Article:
Reduction in the U.S. Import Fee on Sugar
ID-79-43: Published: Jul 17, 1979. Publicly Released: Jul 24, 1979.
- Full Report:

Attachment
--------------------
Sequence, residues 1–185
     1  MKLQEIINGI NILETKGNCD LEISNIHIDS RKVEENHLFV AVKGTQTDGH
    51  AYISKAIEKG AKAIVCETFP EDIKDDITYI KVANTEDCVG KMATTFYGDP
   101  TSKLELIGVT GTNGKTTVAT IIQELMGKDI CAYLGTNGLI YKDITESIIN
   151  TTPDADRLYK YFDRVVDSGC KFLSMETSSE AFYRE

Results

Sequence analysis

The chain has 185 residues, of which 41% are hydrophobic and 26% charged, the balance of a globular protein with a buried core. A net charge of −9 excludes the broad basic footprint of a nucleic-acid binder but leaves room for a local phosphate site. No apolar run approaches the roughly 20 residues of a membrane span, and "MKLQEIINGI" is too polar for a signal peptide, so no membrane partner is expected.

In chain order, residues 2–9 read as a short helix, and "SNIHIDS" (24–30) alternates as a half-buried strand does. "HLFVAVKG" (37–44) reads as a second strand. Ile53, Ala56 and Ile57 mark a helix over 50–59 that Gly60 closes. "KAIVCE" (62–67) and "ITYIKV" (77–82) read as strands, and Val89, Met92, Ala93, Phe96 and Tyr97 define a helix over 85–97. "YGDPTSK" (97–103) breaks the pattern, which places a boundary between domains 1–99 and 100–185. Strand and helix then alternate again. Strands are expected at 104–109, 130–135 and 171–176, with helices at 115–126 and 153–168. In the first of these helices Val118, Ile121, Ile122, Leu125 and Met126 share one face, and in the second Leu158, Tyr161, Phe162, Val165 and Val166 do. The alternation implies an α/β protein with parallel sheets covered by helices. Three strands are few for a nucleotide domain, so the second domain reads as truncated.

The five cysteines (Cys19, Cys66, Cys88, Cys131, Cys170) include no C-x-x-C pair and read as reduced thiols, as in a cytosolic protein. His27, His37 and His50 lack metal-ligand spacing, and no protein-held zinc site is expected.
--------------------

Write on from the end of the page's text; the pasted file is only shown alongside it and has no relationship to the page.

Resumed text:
A request was made for an evaluation of whether the April, 1979 reduction in the U.S. import fee on sugar was justified and for information on the import fee mechanism. A Presidential Proclamation sets a fee adjustment period for each quarter. The quarterly adjusted fee is the amount which would bring the average daily spot (world) price quotations for raw sugar during the adjustment period to 15 cents a pound after adding U.S. applicable duty and attributed costs of 0.90 cents a pound for freight, insurance, stevedoring, financing, weighing, and sampling. Prior to November, 1977 this average daily spot price was set by the New York Coffee and Sugar Exchange, Inc., and it was used as a reference for merchants selling raw sugar under contracts. However, in 1977 the government filed an antitrust suit against the Exchange, alleging that its method for determining the price was illegal. Under a proposed system, the price would be determined by a group of randomly selected individuals each day. In the absence of this price, the administration used for fee-setting purposes the International Sugar Agreement world price, as was the case in April, 1979. Due to the fact that the world price had fallen substantially in the 20-day period prior to the fee-setting period, and that large amounts of sugar were expected to arrive in the United States, the fee reduction was not only justified, but mandatory. If the International Sugar Agreement price does not accurately represent world prices, the President has no obligation to raise the fee and if he decided to, an investigation challenging the accuracy of the price would have to be made. The proposed system will eliminate the objectionable practices used by the New York Coffee and Sugar Exchange.